This week I’ve been watching a steady sequence of social consciousness films, independently made because people really believed in the message. (If you watch one on DVD, there will be trailers for the others.) “The Stoning of Soraya,” “Satan Tango,” and tonight was “Sin Nombre” -- all are very hard to watch and yet they are the reality of some people, lived without escape, without fantasy. The worlds of isolated mountain Iranian villages; or poverty-stricken, rain-soaked Hungarian farms; or Mexican immigrants on trains trying to get into the US, are so foreign that we don’t try to imagine them because we don’t know they exist. And yet, if we don’t know about them, how can we make decent social decisions in our lives? This is not escapism or fantasy.
An article about Matt Groening reflecting on growing up in Portland, Oregon, has been floating around and some of us have chatted about it. No two of us grew up in the same Portland. The Portland of my childhood and youth was nothing like the Portland I knew later as an animal control officer and then as a clerk for the City of Portland Bureau of Buildings. The only way those views could have been grittier would have been if I’d be a cop.
But none of that compares with Browning, Montana. The most recent tragedies have divided people between those who feel there should be as much outrage and action as for others who have died -- as a matter of honor -- and those who feel that it only makes everything worse to tell people about it. The more hidden the better. Just walk away. Find a better place. Myself, I feel a third way: I think that if we really understood, things might change. We should know everything that explains, that leads to answers.
People tell me this is a fool’s opinion, a liberal white woman’s delusion, because nothing will change anyway. And yet in the fifty years that I’ve known this place, the only things that really haven’t changed have been the land and the alcohol. Drugs are worse; education is better; people are fatter; more young people are achievers -- like Ph.D. level achievers. Like happily married achievers. Like successful business achievers. And then there’s Eloise Cobell, who finally got a bridle bit in the mouth of the USA. No one expected that to be possible at all and they were critical of her path to that achievement: learning the world of banking and law. What business did an Indian woman have learning such things? Now we know.
Bob Scriver used to say that during the Great Depression, which is when he was in high school and college, things around here weren’t much different than usual, because everyone was already living at ground level. Now people keep telling me that they will NOT live in an old house or drive an old car, and they don’t. Ranchers around here are doing a little better than the rest of the country. There is a lot to lose. Since I work with an international group, I’m am acutely aware of what the Great Recession is doing to the growing edge of social action -- shutting it down. The safety net in this country is full of holes now. Subsidies are so politically-based instead of compassion-based, that they amount to subjugation and extortion.
But come back to the local. A teenaged girl -- smart, beautiful, intelligent, achieving, well-loved and all the other qualities that are supposed to be protective -- has been lost. She called 911 to say she thought she had overdosed. They got to her quickly but lost her at the hospital. Would this tragedy have been avoided if she had known how dangerous it is to mix alcohol with pills? If she had known how dangerous prescription pills can be? But one of the worries is that if one teenager dies of suicide, it becomes a script for others, so I’m not using her name. The praise, regret and sorrow can be alluring to someone who is normally brushed aside and ignored.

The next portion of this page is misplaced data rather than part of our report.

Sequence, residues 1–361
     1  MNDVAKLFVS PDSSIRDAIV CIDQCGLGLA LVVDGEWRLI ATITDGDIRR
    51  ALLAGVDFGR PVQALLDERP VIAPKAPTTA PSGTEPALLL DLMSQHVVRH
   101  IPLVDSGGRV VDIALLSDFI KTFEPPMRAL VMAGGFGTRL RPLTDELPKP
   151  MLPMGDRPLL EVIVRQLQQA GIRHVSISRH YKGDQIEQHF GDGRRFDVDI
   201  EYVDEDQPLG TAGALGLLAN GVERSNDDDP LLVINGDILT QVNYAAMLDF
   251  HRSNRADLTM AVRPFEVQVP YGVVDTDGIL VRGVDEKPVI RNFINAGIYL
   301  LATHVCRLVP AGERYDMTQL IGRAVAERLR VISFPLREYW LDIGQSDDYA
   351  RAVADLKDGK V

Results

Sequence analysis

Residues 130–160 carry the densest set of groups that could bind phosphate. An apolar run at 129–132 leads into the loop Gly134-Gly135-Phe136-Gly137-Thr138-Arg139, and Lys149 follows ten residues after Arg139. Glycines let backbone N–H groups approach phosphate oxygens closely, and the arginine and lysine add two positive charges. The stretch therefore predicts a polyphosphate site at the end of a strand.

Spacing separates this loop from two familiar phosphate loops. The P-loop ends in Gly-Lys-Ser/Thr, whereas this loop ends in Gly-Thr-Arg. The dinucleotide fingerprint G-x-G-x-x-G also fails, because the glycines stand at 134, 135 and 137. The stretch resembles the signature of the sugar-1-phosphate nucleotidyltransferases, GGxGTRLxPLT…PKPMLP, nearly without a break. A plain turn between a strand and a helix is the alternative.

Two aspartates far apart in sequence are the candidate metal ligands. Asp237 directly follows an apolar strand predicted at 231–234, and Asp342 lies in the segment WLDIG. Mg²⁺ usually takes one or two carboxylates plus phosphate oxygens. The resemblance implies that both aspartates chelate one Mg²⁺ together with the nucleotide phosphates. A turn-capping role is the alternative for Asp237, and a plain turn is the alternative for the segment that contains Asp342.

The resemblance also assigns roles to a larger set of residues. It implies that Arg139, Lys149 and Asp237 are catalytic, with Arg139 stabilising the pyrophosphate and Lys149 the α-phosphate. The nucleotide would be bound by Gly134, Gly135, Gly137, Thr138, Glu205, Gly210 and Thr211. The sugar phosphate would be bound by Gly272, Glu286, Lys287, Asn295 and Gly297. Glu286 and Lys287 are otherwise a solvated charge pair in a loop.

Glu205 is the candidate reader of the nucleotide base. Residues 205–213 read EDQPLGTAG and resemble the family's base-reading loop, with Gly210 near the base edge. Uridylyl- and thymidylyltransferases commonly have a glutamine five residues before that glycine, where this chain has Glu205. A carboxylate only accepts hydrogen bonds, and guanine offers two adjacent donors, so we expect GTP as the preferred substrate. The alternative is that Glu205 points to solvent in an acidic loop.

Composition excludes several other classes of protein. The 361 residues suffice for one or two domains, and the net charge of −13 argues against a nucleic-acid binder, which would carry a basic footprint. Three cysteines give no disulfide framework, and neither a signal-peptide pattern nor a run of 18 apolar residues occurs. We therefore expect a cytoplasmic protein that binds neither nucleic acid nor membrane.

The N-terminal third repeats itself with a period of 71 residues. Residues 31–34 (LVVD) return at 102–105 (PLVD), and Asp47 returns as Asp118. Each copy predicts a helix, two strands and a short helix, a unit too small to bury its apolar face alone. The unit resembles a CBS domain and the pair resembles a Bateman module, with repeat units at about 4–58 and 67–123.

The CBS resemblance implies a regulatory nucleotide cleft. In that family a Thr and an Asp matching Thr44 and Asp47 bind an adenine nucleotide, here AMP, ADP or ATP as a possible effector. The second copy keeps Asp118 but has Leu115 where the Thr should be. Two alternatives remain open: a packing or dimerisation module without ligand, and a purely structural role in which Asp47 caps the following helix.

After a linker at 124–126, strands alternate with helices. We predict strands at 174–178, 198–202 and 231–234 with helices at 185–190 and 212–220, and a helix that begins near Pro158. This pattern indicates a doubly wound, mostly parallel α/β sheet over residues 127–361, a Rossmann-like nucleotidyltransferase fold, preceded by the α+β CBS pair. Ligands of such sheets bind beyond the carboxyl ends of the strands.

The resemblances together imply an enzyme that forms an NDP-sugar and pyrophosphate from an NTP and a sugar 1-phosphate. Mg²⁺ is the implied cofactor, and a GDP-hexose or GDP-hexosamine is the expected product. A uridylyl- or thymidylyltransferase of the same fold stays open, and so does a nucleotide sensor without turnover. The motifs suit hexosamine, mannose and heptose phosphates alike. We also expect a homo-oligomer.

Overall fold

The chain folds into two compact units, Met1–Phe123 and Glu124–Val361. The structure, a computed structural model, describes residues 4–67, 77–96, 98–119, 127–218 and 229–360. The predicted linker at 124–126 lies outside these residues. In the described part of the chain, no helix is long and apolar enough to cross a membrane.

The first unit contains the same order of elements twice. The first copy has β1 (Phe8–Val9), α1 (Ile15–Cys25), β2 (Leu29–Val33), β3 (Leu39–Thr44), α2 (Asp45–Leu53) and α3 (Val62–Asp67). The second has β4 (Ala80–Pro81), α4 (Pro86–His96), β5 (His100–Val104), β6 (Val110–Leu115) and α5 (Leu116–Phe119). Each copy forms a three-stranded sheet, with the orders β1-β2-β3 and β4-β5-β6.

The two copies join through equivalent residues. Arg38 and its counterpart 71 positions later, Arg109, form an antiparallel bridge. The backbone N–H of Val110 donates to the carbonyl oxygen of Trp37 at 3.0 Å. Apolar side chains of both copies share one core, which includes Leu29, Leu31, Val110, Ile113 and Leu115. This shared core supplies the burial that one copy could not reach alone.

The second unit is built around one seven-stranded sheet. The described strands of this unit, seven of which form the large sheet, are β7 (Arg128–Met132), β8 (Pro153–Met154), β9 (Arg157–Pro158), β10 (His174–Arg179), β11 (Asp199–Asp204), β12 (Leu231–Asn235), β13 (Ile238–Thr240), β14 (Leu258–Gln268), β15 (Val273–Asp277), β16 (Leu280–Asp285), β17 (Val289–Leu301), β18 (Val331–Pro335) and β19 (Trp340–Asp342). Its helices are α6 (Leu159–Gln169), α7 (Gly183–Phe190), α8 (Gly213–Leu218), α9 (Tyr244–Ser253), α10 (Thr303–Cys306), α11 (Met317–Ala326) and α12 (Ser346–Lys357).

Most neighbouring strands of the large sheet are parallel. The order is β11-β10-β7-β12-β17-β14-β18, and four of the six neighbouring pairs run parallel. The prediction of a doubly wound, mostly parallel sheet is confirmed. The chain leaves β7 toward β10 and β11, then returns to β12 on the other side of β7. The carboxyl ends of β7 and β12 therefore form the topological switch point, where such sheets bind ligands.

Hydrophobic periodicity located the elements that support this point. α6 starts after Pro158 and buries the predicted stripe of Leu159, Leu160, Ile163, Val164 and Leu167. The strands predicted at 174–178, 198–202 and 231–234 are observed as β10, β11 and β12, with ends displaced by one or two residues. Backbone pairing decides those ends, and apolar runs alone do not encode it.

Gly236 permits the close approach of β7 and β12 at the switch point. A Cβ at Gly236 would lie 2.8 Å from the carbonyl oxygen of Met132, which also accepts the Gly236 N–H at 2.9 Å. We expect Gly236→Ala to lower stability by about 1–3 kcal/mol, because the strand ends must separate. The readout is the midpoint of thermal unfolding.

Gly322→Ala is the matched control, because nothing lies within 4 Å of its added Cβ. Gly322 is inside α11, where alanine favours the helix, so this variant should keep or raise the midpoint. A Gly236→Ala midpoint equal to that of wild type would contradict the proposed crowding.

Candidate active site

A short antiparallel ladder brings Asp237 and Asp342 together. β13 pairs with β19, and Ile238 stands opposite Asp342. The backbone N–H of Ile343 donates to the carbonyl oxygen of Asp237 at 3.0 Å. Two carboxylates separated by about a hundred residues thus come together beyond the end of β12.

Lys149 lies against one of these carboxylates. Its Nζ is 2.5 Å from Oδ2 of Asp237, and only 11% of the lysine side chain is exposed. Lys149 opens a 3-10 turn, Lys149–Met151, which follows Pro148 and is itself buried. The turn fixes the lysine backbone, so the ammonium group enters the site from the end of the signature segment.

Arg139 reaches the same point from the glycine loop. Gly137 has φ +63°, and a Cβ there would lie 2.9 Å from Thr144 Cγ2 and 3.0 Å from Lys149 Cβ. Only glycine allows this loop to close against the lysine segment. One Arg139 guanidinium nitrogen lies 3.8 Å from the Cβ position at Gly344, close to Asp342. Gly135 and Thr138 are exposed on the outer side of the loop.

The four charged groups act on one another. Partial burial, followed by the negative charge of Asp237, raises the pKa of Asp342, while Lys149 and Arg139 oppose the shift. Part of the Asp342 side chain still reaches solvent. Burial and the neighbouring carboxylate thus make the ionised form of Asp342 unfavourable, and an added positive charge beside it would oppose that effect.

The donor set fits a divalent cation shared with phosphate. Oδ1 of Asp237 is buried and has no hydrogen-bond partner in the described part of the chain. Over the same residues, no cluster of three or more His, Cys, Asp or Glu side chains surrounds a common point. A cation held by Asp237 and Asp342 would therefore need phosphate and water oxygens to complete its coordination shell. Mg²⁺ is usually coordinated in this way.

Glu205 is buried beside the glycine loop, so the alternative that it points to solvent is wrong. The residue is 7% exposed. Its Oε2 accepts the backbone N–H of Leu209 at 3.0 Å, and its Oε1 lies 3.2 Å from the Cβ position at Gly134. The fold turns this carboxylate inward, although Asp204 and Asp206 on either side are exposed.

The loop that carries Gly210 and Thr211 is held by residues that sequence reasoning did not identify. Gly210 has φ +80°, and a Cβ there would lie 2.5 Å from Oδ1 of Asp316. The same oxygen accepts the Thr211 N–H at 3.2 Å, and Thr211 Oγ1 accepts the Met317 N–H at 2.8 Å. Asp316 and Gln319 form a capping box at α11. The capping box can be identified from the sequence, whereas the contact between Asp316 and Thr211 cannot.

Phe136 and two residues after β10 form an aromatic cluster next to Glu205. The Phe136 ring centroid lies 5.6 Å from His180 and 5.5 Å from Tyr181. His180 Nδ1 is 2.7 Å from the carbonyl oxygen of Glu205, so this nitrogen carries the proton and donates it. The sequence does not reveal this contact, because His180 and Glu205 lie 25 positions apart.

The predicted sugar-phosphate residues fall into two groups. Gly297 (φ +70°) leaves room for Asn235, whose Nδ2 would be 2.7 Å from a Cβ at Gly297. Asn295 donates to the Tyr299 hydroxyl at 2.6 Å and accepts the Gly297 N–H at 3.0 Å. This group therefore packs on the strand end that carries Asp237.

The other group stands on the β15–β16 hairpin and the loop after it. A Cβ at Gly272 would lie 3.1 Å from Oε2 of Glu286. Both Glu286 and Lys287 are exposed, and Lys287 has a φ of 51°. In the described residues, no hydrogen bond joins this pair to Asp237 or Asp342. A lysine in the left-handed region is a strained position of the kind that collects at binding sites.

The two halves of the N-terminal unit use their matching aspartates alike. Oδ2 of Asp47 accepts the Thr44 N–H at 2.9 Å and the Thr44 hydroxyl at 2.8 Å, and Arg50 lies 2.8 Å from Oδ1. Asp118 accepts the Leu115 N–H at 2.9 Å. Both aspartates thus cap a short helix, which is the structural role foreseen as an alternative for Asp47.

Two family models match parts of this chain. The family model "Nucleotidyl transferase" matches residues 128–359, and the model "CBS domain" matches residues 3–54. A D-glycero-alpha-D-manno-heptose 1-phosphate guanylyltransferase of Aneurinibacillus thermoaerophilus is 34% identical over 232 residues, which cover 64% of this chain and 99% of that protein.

And what about Marie Heavyrunner? I think there are secrets about this death that have not come out yet and that no one wants to become known, like the relationship to oil lease money. This house was finally raided as a gang drug house. There is always buzz about drug gangs. Why aren’t they challenged as soon as they are detected? (This isn’t the first murder on their tab.) Because people like the excitement? Being “in the know”? Because they think that’s really the way life is and there’s no way to oppose such a phenomenon?
Watching all these independent movies, usually written by someone who infiltrated the scene or read a book or had a relative involved, has given me an acute consciousness that this planet has many layers of government and structure. In addition to the obvious United Nations, there are underground networks of incredible extent and power. Some are criminal, some are religious, some are financial, some are NGO’s, some are international corporations and cartels. A person with a cool temperament and a lot of luck can play three-dimensional chess through them in a lot of different ways for a lot of different motives, both good and bad. Places with borders, overlapping jurisdictions, and de facto no man’s lands are great for these interstitial people.
We love the novels and films about all this, especially the ones with heros who know how to make the moves that save everyone. In actual fact, not many people are hip enough to get involved. Or, NOT, which is even more hip. Certainly no one is able to control all these levels and dynamics by passing laws, making inspections or even hiring soldiers of fortune. The culture itself must form an opinion, a NORM, and express it in every way that they can, and that’s what will turn things around.
It used to be normal to own other people. It used to be normal to beat horses to death in the streets. It used to be normal to have open sewers. We changed that. Three-dimensional chess might be complex, but straightforward awareness and determination are not. You can do it at home.